Things to do in Tucson, AZ

Get Your Bearings in Tucson

By Patricia Escarcega
Tucson Expert

See & Do

Things to See

Tucson is home to a major university, thriving arts, music and food scene, but with over 300 days of sunshine every year and incredible desert scenery, most of the city's top attractions will lead you into the great outdoors. Explore Tucson's excellent Arizona-Sonora Desert Museum, take a day hike around scenic Sabino Canyon, or wander the trails at Saguaro National Monument. 


Hiking during the day in the summertime.

Hot Tips:

Pack plenty of water and sunscreen for the desert sunshine.

Where to Stay

Tucson's best hotels are divided between the posh desert resorts in the city's scenic north Tucson foothills area, and smaller boutique hotels located in and around the historic downtown quarter. For incredible mountain and sunset views, championship golf, and outdoor recreation, plan to stay at one of the city's resorts. If you prefer the downtown scene, a handful of historic hotels and B&B's keep you convenient to downtown museums, nightlife, shopping and restaurants. Either way, you'll need a car to get the most out of Tucson.  


Book early during the high season, which is October through March.

What to Eat

Tucson restaurants are as diverse and eclectic as the city itself. Be sure to sample Tucson's best Mexican restaurants, which are arguably some of the best in the country. Downtown Tucson is where you'll find hip, eclectic cafes and bistros. In outlying areas, the city's posh resorts are home to world-class dining rooms. 

Be Sure to Sample:

Prickly pear margarita, chimichanga, Sonoran-style hot dog.

Places to Party

The best Tucson nightlife centers around the downtown scene where national touring acts, local bands, theater, and movie screenings happen on a nightly basis. Club Congress, the hip club headquartered inside the Hotel Congress, is the city's favorite late-night dance venue. Across the street, the Rialto Theatre plays host to up-and-coming acts and more than a few headliners. Down the road on Fourth Avenue, college bars and music venues stay open until the wee hours.  

Take It or Leave It:

The Downtown nightlife scene is popular with the local college student population.

Where to Shop

The best shopping in Tucson reflects the city's diversity and free-spirited desert ambiance. You'll find plenty of unique shops in the Fourth Avenue district near the downtown, as well as the nearby Lost Barrio, where you'll find custom furniture and Southwest-inspired home decor. For upscale shopping, head north to the foothills where you'll find La Encantada shopping district, home to upscale brands like Brooks Brothers, St. John, Louis Vuitton, Tiffany & Co., and Crate & Barrel.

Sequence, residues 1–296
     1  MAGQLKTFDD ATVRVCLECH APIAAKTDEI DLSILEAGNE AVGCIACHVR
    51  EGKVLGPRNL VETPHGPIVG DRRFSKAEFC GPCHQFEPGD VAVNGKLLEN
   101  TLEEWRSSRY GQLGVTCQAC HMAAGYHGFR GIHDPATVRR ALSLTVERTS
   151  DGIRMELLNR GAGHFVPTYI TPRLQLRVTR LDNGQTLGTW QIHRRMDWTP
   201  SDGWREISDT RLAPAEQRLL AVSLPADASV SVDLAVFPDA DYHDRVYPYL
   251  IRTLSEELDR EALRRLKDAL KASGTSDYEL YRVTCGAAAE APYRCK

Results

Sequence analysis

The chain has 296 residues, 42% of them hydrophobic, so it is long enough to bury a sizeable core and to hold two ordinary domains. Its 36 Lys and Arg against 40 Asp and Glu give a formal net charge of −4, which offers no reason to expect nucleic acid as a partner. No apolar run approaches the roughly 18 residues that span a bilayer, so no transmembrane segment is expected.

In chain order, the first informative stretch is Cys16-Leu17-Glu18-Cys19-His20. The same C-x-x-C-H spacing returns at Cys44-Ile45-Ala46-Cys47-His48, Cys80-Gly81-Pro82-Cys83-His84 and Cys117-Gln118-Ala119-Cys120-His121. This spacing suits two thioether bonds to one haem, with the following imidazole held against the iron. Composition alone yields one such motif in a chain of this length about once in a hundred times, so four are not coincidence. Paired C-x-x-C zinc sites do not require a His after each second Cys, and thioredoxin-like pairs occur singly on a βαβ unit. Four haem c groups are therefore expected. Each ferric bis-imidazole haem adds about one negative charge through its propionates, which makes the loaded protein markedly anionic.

Best Local Souvenir:

Desert honey, cactus candy, authentic Native American jewelry



Things to do in Tucson

Tucson is known for...

Five of Tucson's most unique features and characteristics.

1. Saguaros:

These stately giants are an icon of the American West, and a symbol of Tucson, which is home to Saguaro National Park. Although certainly not warm and fuzzy, the Saguaro cactus has become so closely associated with the Southwest that it is impossible to walk into a Tucson souvenir shop without finding this sub-tropical plant etched on shot glasses, t-shirts, and postcards. Drive around the outskirts of Tucson and witness the grandeur of Saguaro forests nestled at the base of the city's hillsides and mountains. For a magnificent view, take the drive west onto Gates Pass Road.

2. Mexican Food:

Tucson claims to be the Mexican food capital of the United States. Who's to argue with them? Drive down 12th Avenue and witness the number of taco stands, carts, and sit-down eateries. It's easy to lose count. From casual Sonoran-style grub to authentic Mexico City-style street fare, you can find almost every variation here. Tucson is also home to the country's oldest family-run Mexican food restaurant, El Charro Cafe, located on Court Avenue in downtown Tucson.

3. Cowboys:

You probably won't hear the jangling spurs of cowboys walking down the streets of Tucson--this is a modern city, after all, not the turn-of-the-century West. But the city does preserve its Western and Southwestern heritage with celebrations like La Fiesta de los Vaqueros, a week-long celebration of the Western lifestyle that kicks off each year in February with a Rodeo Parade. The parade has been a Southern Arizona tradition since 1925, demonstrating Tucson's perennial cowboy spirit.

4. Resorts:

Oprah Winfey's favorite spa, Miraval, is located in the scenic outskirts of Tucson. Miraval is just one of Tucson's highly regarded resort spas. Others include The Westward Look Resort (a haven for winter visitors for more than 100 years), Loews Ventana Canyon Resort, The Westin La Paloma Resort, and Canyon Ranch Resort & Spa, among others. With mild winter weather, outstanding desert scenery, and big city amenities, Tucson has established itself as a destination for weary travelers everywhere seeking refuge in some of the Southwest's best world-class resort.

5. The University of Arizona:

Arizona's first public university, The University of Arizona, is one of the major employers in the Tucson area. More importantly, however, the university gives the city a vibrant college town atmosphere and contributes greatly to the diversity and breadth of its cultural scene. With a population of over 20,000 university students, it's no wonder that Tucson is replete with bars, pizzerias, bookstores, and other college hang-outs.